• drowsiness – ashwagandha may help sleep disorders but can cause excessive sedation if taken with sedative drugs
  • abortifacient effects – ashwagandha may cause uterine contractions, miscarriage, and premature birth
  • immunostimulation – stimulates the immune system and may worsen symptoms of immune system disorders and autoimmune diseases
  • thyroid function alteration – boosts thyroid gland function and thyroid levels, which is good for hypothyroidism but not good for hyperthyroidism
  • raises testosterone levels – has implications for prostate cancer
  • impacts blood sugar levels – animal testing has shown ashwagandha can lower blood sugar levels

Who should not take ashwagandha?

You should avoid this root product if you are:

  • on thyroid medicine or thyroid treatment for either hypothyroidism or hyperthyroidism
  • taking sedatives or sleep medications
  • taking medications for high blood pressure, diabetes, psychoactive/neurological disorders, or immunosuppression
  • taking medications for an autoimmune disease
  • pregnant or breastfeeding

or have

  • gastrointestinal disorders like stomach ulcers
  • diabetes
  • prostate cancer

Always talk to your healthcare provider before taking root products.

Can it be taken with thyroid medication?

Don’t take ashwagandha if you’re on thyroid medications except under medical supervision.

Is it good for Hyperthyroidism?

Taking ashwagandha for hyperthyroidism or any overactive thyroid disorder is contraindicated. Ashwagandha may increase thyroid hormone levels and worsen symptoms of these thyroid dysfunctions.

When and why is ashwagandha bad for thyroid?

Thyroid and ashwagandha side effects: thyroid problems may arise if you:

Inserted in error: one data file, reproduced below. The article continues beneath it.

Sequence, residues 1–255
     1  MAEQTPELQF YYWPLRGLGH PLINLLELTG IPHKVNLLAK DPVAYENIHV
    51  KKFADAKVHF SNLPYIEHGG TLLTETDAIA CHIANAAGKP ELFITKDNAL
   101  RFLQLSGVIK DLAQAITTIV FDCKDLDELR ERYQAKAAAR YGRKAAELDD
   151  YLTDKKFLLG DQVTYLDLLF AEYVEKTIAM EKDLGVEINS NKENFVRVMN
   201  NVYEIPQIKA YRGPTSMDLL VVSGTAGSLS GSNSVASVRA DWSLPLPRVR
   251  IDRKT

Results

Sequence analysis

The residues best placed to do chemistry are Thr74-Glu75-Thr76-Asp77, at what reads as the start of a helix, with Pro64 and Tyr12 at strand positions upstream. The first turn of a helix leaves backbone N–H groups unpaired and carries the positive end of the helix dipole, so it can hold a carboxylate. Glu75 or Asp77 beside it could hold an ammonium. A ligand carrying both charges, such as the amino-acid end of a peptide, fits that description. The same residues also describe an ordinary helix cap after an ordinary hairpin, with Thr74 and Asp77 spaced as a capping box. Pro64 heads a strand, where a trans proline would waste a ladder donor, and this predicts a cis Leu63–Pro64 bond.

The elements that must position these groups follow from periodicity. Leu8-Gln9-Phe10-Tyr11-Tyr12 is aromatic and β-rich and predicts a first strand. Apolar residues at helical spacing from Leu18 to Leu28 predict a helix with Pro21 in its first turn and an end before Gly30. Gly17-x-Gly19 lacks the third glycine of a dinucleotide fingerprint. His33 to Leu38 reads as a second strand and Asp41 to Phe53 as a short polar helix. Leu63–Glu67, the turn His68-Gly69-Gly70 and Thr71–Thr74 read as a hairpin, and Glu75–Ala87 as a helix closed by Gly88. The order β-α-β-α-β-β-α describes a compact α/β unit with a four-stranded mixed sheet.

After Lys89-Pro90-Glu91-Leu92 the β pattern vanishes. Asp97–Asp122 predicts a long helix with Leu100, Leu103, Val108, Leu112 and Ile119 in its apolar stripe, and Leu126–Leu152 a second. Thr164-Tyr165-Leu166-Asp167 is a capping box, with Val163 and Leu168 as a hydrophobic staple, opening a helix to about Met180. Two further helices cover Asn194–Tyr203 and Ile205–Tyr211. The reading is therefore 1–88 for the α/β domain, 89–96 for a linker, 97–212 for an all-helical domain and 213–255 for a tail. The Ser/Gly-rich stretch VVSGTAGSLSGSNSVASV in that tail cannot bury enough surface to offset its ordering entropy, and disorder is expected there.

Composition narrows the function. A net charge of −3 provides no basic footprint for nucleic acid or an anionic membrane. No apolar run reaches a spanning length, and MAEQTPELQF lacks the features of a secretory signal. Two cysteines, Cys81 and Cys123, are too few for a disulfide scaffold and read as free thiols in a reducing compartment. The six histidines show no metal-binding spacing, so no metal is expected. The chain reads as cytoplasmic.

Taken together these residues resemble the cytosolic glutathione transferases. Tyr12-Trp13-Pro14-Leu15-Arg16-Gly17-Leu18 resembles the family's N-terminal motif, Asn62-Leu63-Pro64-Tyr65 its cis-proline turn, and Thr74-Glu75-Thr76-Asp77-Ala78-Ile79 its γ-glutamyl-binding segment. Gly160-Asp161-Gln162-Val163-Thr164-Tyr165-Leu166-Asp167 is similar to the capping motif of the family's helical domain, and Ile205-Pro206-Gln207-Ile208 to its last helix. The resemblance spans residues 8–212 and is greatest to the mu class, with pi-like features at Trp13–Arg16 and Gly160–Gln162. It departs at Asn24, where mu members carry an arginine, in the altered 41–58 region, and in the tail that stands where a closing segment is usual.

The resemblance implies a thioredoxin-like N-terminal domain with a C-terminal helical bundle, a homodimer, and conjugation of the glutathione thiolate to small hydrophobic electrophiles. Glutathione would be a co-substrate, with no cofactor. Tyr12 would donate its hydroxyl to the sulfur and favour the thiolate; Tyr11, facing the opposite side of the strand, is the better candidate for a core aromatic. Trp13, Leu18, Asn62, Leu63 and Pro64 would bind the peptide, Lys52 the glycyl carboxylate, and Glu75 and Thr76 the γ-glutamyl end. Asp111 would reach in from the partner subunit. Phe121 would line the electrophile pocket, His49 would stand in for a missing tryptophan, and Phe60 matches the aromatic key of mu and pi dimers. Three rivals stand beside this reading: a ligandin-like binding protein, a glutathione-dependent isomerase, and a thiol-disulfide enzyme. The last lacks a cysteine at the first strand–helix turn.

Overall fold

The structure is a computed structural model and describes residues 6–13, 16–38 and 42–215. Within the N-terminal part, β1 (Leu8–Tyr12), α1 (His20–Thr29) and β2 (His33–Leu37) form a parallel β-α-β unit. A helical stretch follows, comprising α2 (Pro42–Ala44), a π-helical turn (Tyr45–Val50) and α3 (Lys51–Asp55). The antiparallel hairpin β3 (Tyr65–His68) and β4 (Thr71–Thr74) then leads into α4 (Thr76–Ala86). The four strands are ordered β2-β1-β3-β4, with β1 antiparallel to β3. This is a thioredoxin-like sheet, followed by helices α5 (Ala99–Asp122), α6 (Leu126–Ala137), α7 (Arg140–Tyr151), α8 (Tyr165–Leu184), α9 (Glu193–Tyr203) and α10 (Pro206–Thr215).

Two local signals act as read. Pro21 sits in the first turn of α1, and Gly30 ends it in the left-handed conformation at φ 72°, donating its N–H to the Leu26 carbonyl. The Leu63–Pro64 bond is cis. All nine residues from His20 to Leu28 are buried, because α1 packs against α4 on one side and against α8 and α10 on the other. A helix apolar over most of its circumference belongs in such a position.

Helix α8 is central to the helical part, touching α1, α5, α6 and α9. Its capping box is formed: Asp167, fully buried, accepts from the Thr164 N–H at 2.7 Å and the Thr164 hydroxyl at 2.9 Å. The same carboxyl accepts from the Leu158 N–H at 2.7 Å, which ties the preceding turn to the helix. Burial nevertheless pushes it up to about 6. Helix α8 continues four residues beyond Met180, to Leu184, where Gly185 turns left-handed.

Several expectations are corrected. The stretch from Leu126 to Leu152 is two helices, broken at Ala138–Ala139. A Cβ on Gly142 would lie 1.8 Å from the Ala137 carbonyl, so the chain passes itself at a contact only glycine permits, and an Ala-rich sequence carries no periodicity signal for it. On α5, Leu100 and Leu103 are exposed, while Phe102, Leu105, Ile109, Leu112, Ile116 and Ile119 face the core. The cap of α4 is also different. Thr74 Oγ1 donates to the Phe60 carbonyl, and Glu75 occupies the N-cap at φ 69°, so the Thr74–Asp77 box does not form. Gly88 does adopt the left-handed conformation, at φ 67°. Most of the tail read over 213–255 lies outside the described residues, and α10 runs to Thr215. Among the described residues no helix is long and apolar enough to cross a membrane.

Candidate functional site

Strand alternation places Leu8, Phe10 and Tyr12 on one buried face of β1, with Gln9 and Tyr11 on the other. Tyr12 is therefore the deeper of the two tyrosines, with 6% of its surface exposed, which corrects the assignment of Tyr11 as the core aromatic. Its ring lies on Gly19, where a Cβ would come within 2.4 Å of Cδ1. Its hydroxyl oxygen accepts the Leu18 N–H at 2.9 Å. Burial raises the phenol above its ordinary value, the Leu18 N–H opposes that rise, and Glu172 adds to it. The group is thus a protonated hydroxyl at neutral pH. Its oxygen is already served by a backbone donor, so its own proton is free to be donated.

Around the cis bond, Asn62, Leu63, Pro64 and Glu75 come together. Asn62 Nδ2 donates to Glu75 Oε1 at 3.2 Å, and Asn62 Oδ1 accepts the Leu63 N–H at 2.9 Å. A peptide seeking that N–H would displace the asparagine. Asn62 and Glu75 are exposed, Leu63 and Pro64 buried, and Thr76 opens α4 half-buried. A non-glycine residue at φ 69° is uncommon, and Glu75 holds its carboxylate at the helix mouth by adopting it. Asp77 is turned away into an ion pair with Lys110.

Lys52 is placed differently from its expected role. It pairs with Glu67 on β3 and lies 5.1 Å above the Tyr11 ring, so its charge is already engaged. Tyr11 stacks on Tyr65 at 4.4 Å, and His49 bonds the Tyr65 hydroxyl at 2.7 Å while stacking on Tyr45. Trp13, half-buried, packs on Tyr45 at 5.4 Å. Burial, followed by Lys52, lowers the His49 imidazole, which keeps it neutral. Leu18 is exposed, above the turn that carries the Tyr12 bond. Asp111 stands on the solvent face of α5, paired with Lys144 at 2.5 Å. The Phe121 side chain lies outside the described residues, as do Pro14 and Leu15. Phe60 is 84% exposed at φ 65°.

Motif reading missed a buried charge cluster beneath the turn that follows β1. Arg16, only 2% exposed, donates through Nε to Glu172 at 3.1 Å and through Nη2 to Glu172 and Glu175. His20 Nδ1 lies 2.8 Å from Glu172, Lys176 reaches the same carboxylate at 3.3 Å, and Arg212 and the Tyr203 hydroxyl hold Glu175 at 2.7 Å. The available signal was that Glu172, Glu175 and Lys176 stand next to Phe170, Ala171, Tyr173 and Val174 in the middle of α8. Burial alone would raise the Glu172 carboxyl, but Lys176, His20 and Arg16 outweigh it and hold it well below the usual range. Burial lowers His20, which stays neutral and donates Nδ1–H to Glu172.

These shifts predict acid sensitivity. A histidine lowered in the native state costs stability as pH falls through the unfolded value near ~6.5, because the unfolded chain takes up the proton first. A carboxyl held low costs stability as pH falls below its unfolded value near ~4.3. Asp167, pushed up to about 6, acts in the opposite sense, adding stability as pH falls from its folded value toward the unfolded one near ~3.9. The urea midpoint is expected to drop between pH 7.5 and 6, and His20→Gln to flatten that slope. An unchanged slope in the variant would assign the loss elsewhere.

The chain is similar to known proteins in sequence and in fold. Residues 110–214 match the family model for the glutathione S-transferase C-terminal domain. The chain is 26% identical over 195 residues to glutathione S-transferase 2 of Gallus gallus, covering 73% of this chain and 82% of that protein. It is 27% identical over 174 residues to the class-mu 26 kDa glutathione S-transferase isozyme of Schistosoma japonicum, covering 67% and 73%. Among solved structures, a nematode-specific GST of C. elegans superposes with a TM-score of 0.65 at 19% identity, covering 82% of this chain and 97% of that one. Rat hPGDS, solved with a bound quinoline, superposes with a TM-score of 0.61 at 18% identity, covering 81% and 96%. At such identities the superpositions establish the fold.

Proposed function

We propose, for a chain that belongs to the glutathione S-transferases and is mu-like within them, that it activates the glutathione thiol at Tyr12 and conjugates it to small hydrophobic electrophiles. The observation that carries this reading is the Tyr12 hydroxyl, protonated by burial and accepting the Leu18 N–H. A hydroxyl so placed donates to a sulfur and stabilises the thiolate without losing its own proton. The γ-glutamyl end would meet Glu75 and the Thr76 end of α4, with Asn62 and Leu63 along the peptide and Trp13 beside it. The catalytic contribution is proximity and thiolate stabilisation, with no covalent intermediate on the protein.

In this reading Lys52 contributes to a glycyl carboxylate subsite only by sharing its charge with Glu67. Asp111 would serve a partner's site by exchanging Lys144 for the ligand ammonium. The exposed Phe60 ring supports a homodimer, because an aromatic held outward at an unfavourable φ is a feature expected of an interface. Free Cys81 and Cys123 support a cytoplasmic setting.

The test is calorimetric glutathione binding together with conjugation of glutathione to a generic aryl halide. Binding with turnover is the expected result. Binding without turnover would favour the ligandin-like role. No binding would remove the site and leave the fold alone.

Therefore, avoid ashwagandha if you have:

  • hyperthyroidism symptoms / overactive thyroid common symptoms ie elevated T3 and T4 levels
  • thyroid cancer or are on cancer medications

Although ashwagandha root extract is beneficial for people with subclinical hypothyroidism, it shouldn’t be used when subclinical hypothyroid patients are already on thyroid medicine.

How To Take Ashwagandha For Hypothyroidism

Ashwagandha Tea
Ashwagandha powder can be sprinkled over food or added to smoothies and other beverages. It’s also available as a tea.

For hypothyroidism, the plant may be taken in tablet or capsule form. It’s usually taken twice daily ie morning and night, with food. Powders can be sprinkled over food or added to smoothies and other beverages. It’s also available as a tea.

What time of day is best to take it?

What you’re taking ashwagandha for, and how it affects you, will dictate when you take it. If you’re taking it for a sleep disorder or it makes you drowsy, evening is the best time. Experts also recommend taking it at night for hypothyroidism.

How long does it take ashwagandha to work for hypothyroidism?

Like most alternative medicine, it can take several days to several weeks before ashwagandha benefits will be felt.


Recommended daily dosage is:

  • root extract: 500 – 1500mg daily
  • root powder: 1,000 – 6,000mg daily

Most supplements come in 300mg capsules or tablets, or as a bottled tincture.

Is Ashwagandha Good For Hypothyroidism?

Always talk to a medical professional first about ashwagandha and hypothyroidism treatment.